I went to Cancun a couple of years ago with a friend of mine - well, about an hour's drive south of Cancun to a place called Tulum. Fantastic little place, beautiful beaches, tropical forests, etc. We got a plain old cabana on the beach for $10 a night and slung our hammocks out on the patio and slept there. There was no electricity, but a generator gave you light until 10pm so it was cold freshwater showers every day. Fresh fish cooked on a beach fire every day, fresh juice and fresh coconuts that drop onto the sand during the night.
Not to belittle the plight of so many people around Cancun after Hurricane Wilma, but a report in the IHT today says that many tourists are still "stranded" there in the conditions I described above. Stranded, my arse. It's 30°C and sunny there.... That's extending a holiday. Next time I go away, I'm going to try that: "I'm sorry, I won't be able to be back at work as see, I'm stranded in Barbados...."

I'm in a bit of a bind for MacDara's Saturday Halloween party. I've contemplated going as myself and saying that I am in fact the G-Man dressed as Desmond, but that will involve making sure the G-Man doesn't turn up. No easy feat if you have ever met the G-Man. I also looked into the possibility of going as the Invisible Man, but that's a little obvious. I'm not one for costumes really, so I may have to brave the barrage of insults and hisses and go as I am just to get to my stool. Maybe I'll sneak some Midleton's with me to calm the seething masses. Maybe.


Thursday, October 27, 2005

Norwegian Blue

I think the world is slowly going mad. In England this week they are trying to get a bill through the House of Lords called the Racial & Religious Hatred Bill. While the idea of it is commendable and worthy, the actual practice of it is madness because anyone found guilty of being "insulting or abusive" could be facing a prison term of up to 7 years.

I've called my friends things that are insulting AND abusive based on their race or religion and I still do, while they return the favour tenfold. It doesn't mean that I don't like them or that they don't like me. Now the argument against me could be that I am perpetuating stereotypes and reinforcing negative attitudes and yak, yak, yak but the point is where does it lead?

For example, if I call my friend Tony Soprano a silly Manxman (well, he does support Everton & I'm still being polite) and he's had a bad day at work, could he have me arrested? If I spot a praying mantis in my garden should I keep my mouth shut in case someone takes offence?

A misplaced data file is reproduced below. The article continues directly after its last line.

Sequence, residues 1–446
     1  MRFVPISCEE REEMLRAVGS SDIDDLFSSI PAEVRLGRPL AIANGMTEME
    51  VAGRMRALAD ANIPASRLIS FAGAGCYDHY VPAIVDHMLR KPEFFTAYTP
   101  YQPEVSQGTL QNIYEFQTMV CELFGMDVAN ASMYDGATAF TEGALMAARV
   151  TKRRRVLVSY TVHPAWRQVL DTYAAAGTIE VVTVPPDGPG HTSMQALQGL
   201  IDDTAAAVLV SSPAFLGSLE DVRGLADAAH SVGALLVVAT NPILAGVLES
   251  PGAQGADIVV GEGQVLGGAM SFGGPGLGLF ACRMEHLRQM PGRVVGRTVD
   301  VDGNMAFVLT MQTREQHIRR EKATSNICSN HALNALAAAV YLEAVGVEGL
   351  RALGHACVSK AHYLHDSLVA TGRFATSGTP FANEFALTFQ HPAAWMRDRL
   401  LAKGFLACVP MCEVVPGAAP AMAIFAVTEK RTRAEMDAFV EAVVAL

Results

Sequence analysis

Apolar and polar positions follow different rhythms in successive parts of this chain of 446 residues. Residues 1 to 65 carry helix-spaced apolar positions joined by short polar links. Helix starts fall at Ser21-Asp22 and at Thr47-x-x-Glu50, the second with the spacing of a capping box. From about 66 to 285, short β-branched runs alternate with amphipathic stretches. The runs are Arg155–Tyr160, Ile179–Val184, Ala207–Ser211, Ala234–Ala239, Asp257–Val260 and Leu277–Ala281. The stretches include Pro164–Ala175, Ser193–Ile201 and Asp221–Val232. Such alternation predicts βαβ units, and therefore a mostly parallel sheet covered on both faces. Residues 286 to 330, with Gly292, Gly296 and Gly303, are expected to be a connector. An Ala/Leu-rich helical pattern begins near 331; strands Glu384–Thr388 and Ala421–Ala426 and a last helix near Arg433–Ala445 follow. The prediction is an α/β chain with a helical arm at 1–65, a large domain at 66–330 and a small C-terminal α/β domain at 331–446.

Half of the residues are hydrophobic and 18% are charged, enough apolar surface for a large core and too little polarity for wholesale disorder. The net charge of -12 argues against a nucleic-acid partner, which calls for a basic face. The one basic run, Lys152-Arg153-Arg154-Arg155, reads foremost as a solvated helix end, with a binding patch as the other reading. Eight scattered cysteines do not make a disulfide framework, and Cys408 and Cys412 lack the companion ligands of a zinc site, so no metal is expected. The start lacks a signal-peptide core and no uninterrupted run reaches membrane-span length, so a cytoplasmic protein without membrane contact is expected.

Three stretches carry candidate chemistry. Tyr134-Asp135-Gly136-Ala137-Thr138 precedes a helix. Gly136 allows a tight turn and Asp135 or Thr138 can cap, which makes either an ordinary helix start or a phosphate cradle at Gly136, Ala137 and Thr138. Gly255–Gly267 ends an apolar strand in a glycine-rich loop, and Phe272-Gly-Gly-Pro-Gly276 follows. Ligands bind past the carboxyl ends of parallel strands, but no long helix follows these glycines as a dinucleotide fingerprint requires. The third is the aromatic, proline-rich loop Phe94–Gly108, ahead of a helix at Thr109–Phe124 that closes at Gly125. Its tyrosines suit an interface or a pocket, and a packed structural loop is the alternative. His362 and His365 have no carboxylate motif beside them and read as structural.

In the US, I've seen stickers on plastic bottles of soda warning sugar-crazed morons that "contents are under pressure - open away from face". I've seen Bic lighters bearing the same message but obviously for eyebrow-less morons. I know it's all to prevent the lazy, litigious section of society having their way with corporations and I know it has nothing to do with race or religion but just look how weird that is getting. You spill hot coffee in your lap from a cup that is emblazoned with "CAUTION - CONTENTS HOT" yet you still sue because it didn't specify that the contents were really, really hot. Get a job.

Now, I've been called some harsh things and laughed at some, laughed less at others and returned a few good 'uns but I have never thought about getting the law involved. That's something you save for when you get beaten up in the pub. What a namby-pamby place Britain is starting to be. Besides, if you want to hear some really cruel and harmful stuff, spend a while as a fly on the wall in a schoolyard. That'll put some perspective on it.

While I'm still on the subject, I guess Monty Python's Dead Parrot Sketch must be driving the PC crowd insane with its newfound relevance. Ahem.

What did you call me?

I can hear sirens.

Tuesday, October 25, 2005

Viva Las Vegas

My folks are safely ensconced in the hedonist's paradise in Nevada with Lindsay, Skye & the Dude and are quite happy with the 10-hour time difference between us. It's weird getting a phone call at 11am here only to hear a really happy voice at the other end just going to bed at 1am there.....apparently they are overlooking the Eiffel Tower.......and Venice..........and Big Ben.........